A hallmark of Proposition 1 is classroom additions at several schools to expand prekindergarten and ease overcrowding in the growing district. Fort Worth has added 4,634 students since 2007-2008 and is expected to grow by 4,426 students by the 2017-2018 school year. School officals said about 400 students transferred into the district from private schools last year.

Universal prekindergarten

Dansby has visited San Antonio twice to learn about the city’s prekindergarten program. City voters in November 2012 approved a 1/8-cent increase in the sales tax rate to support prekindergarten programs for all 4-year-olds. When the Pre-K 4 SA initiative is fully implemented, 3,700 4-year-olds will be educated annually, according to the city of San Antonio.

The city will partner with area school districts to offer the service, according to the city’s website.

In Fort Worth, officials want to expand the prekindergarten program to serve the district’s 7,000 eligible 4-year-olds. Currently, there’s room for 4,000.

Educators say prekindergarten is essential to help prepare children for learning. Teachers say students who have that foundation have an advantage in the classroom and experts say they perform better on tests.

Proposition 1 includes $24 million to build additions at 15 schools that will add 82 prekindergarten classrooms. Dansby said the additions will bring prekindergarten to almost every elementary school in Fort Worth.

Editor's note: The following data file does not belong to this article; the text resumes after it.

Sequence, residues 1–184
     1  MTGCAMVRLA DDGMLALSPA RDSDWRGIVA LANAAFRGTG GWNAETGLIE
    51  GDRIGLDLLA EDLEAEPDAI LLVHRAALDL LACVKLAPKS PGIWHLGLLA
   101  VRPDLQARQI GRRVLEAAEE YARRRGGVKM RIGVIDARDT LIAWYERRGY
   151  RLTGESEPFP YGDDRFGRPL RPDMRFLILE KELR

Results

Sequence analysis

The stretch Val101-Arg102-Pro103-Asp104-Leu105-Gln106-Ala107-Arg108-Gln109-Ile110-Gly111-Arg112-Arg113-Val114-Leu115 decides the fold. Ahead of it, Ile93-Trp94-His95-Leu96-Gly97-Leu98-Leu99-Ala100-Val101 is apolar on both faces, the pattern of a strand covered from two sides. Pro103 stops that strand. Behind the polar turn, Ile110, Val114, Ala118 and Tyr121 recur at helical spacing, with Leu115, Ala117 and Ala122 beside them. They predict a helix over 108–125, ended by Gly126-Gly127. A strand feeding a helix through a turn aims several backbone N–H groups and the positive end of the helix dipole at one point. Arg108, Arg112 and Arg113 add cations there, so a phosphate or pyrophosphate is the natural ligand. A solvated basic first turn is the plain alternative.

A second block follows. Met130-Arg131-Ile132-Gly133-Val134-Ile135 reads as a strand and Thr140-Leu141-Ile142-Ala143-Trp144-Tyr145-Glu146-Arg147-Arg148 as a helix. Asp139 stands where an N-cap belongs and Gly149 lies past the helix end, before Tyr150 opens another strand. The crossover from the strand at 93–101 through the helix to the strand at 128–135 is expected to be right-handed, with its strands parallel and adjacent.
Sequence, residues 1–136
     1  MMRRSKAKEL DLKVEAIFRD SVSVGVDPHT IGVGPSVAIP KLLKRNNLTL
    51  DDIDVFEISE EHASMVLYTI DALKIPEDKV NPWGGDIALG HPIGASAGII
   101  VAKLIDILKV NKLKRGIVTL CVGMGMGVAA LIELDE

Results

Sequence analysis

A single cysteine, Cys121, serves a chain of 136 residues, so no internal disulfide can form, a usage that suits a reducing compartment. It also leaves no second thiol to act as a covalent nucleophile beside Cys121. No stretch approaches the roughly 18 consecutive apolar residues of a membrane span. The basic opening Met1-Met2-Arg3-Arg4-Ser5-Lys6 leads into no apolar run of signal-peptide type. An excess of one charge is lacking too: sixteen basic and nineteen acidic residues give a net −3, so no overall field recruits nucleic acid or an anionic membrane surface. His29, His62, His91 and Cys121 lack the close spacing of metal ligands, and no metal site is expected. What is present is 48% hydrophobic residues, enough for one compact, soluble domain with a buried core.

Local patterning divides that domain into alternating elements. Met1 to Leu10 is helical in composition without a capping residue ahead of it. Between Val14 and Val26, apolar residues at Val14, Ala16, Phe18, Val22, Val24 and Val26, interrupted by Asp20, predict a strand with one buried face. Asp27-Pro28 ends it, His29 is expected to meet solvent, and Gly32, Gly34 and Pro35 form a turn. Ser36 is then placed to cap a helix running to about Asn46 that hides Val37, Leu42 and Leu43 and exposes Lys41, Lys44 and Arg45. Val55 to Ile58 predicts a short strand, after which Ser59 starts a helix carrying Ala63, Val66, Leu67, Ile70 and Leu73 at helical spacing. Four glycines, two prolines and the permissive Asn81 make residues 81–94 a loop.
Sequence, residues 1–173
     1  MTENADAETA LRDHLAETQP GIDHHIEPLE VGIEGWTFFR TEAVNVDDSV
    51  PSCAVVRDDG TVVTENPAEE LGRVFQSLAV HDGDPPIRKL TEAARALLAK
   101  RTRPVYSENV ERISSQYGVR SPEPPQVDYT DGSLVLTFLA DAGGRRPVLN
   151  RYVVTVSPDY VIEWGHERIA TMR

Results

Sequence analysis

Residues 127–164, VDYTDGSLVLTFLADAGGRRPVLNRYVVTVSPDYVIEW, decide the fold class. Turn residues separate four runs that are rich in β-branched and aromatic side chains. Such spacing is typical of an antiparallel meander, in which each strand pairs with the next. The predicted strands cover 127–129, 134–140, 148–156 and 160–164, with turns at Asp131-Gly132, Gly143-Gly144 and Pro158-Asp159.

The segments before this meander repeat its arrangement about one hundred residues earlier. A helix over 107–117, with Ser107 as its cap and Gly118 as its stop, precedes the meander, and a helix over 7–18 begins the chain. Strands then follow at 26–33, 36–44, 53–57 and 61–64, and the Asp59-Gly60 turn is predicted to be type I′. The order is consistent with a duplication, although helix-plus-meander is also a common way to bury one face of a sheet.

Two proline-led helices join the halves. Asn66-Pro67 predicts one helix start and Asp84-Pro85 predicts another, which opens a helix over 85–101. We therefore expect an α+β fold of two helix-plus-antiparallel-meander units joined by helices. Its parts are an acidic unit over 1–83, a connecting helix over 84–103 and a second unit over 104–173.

New construction

Proposition 1 also calls for converting Benbrook Middle School and Westpark Elementary into a high school complex for grades six through 12. Westpark students would move to a new campus.

“In Benbrook, people are all behind it,” said Bobby Spence, who has a daughter attending Benbrook Middle.

Benbrook residents are generally pleased with the possibility of a Benbrook high school, he said. Many Benbrook parents currently transfer their children to Paschal, Arlington Heights or nearby Brewer High School, in the White Settlement school district, rather than sending them to Western Hills High School.

Preparing for the digital age

Technology long familiar to many suburban students, such as laptops and tablets that are used as an educational tool, are funded in Proposition 1. The mobile one-to-one initiative, which would provide a laptop or tablet to every high school student, would cost about $15 million.

Crowley schools are issuing iPads to 7,000 students, and the Mansfield school district equipped 9,000 high school students and 500 teachers with iPads last year. The Northwest school district is entering its fifth year of providing computers to sixth through 12th-grade students. This year, Northwest schools students and secondary teachers will get Dell Latitude 10 tablets and elementary teachers will get iPads.

Diane Smith, 817-390-7675 Twitter: @dianeasmith1 Jessamy Brown, 817-390-7326 Twitter: @jessamybrown